SC affirms CA ruling ordering manning agencies to pay ailing seaman US$ 60,000

October 24, 2009 11:27 pm 

MANILA, Oct. 25 — The Supreme Court (SC) has affirmed an earlier ruling of the Court of Appeals (CA) ordering manning firms, Wallem Maritime Services, Inc. and Scandic Shipmanagement Limited, to pay an ailing seaman USD60,000 in disability benefits.

The SC Second Division, in a ruling penned by Associate Justice Conchita Carpio Morales, stressed that “the perfection of appeals in the manner and within the period permitted by law is not only mandatory but jurisdictional and must, therefore, be strictly observed.”

It also said that both agencies lost its right to assail the CA decision for its filing a late appeal.

Associate Justices Consuelo Ynares-Santiago, Diosdado M. Peralta, Mariano C. Del Castillo and Roberto A. Abad concurred in the decision.

Court records showed that Eriberto S. Bultron was hired by Wallem and Scandic in February 1999 to work as crane operator for its cement-carrying vessel M/V Eastern Falcon.

In the course of his employment, Bultron suffered chronic coughs due to cement dust. Despite the company doctor’s advice of “further management” after finding infiltrations in his lungs and an enlarged heart, Wallem and Scandic allowed Bultron to continue his work until his contract expired.

Wallem referred Bultron to a company hospital in Manila after the latter complained of persistent coughs and was declared fit to work three months after.

The seaman refused to sign the certificate of fitness issued by the company doctor and sought a second opinion instead from a private physician.

He was diagnosed to be suffering from spinal stenosis and prevented from doing strenuous activity, avoid prolonged sitting and was advised to have bed rest.

Claiming that his illness was work-related, Bultron sought for compensation because his employer failed to provide safety measures and protective gears during his employment.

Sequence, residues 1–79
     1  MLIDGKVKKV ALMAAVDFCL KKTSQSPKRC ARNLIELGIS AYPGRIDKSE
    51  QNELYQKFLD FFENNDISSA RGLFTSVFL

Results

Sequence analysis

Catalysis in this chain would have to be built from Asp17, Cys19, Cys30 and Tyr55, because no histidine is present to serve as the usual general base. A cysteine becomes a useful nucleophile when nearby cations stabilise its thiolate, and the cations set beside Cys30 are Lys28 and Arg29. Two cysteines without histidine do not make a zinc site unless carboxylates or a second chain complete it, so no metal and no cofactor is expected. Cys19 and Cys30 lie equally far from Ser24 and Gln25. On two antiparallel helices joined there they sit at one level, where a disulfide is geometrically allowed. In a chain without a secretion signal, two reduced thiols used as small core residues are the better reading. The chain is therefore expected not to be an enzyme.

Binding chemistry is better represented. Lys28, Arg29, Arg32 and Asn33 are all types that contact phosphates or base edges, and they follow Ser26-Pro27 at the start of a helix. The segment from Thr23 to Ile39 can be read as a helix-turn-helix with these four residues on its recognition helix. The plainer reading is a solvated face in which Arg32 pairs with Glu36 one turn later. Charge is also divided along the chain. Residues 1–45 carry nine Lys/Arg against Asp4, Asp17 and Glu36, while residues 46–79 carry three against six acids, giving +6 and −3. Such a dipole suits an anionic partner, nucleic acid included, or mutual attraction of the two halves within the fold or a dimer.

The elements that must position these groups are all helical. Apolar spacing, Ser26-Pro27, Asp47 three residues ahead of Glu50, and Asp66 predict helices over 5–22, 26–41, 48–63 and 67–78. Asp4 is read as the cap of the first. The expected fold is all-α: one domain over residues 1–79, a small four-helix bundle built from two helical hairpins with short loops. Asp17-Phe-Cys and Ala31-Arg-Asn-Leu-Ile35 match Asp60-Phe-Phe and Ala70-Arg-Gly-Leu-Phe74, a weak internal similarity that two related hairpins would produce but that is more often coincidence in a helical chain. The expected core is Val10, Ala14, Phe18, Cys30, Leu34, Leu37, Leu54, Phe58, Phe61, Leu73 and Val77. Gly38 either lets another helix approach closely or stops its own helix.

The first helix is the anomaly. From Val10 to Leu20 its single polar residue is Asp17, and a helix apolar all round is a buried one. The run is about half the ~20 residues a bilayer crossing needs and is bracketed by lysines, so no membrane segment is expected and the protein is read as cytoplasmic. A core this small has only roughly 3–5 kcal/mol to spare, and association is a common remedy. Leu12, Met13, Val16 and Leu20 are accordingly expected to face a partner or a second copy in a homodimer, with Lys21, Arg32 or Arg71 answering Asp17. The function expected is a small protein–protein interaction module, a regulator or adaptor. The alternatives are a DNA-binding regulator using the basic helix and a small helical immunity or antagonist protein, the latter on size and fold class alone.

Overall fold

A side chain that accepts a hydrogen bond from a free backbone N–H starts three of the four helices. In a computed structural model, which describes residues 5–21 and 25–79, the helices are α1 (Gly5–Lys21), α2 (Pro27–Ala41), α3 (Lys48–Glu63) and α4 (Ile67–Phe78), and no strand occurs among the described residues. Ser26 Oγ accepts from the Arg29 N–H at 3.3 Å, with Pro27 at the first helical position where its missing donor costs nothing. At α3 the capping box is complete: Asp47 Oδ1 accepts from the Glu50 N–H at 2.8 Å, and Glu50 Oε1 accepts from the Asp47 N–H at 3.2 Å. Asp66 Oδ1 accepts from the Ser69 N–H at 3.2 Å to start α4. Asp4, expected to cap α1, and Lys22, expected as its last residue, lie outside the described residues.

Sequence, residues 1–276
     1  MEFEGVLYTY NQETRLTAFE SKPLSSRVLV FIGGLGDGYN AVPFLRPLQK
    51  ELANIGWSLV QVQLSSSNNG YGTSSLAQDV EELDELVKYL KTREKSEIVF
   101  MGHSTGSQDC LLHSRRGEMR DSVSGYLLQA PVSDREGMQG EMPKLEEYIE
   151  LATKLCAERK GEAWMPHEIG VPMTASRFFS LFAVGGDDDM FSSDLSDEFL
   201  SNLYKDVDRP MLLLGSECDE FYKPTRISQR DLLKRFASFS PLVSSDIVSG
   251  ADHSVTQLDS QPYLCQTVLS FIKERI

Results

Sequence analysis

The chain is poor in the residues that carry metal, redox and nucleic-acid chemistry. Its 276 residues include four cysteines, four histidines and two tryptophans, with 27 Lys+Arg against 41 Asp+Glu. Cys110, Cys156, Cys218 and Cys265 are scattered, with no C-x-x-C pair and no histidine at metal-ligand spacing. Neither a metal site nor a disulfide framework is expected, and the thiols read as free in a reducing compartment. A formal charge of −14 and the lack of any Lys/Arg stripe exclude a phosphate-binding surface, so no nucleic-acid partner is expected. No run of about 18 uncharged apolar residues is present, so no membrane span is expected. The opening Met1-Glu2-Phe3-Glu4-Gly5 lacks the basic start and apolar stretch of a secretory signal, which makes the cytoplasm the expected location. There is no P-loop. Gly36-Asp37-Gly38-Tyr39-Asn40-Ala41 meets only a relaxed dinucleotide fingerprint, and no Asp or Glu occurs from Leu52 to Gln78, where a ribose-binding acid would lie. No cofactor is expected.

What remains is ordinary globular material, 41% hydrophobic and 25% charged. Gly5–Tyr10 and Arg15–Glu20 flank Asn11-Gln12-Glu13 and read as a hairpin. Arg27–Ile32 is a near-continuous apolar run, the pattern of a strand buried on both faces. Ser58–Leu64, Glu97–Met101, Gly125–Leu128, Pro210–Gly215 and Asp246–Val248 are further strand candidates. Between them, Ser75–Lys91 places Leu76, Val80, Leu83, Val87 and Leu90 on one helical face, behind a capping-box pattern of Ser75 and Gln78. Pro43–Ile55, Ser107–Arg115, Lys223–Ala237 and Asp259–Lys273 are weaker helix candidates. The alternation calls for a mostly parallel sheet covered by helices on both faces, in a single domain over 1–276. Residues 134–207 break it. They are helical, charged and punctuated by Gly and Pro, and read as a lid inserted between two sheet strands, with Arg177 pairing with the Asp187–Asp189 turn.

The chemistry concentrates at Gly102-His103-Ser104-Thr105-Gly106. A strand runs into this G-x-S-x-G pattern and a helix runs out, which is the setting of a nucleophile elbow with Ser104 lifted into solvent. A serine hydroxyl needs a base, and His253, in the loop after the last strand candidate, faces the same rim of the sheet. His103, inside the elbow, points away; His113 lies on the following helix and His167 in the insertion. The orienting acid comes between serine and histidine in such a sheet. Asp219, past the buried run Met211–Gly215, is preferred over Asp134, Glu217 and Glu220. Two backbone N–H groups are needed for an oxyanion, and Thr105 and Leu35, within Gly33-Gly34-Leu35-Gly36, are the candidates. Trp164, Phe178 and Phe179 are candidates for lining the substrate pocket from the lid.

The manning firm said Bultron cannot claim for compensation since his contract had already expired.

But the labor arbiter ruled in favor of Bultron and ordered Wallem and Scandic to pay him disability benefits in the amount of 60,000 U.S. dollars or its peso equivalent at the time of payment of the award. It also ordered the manning firm to pay 10 percent of the total monetary award as attorney’s fees.

While the National Labor Relations Commission (NLRC) ruled in favor of Wallem and Scandic by reversing the ruling of the arbiter, the CA nullified the NLRC decision because it never acquired jurisdiction over the labor case after Wallem failed to perfect an appeal.

Under the rules, decisions, awards or orders of the labor arbiter are deemed final and executory unless appealed to the NLRC by any of the parties within 10 days from receipt of the decision with proof of payment of the required appeal fee.

And where the judgement involves monetary award, an appeal by the employer may be perfected “only upon the posting of a cash or a surety bond.”

Wallem and Scandic failed in this aspect.

It filed a notice of appeal on the last day of the 10-day appeal period via registered mail without the requisite bond as required by law. (PNA)



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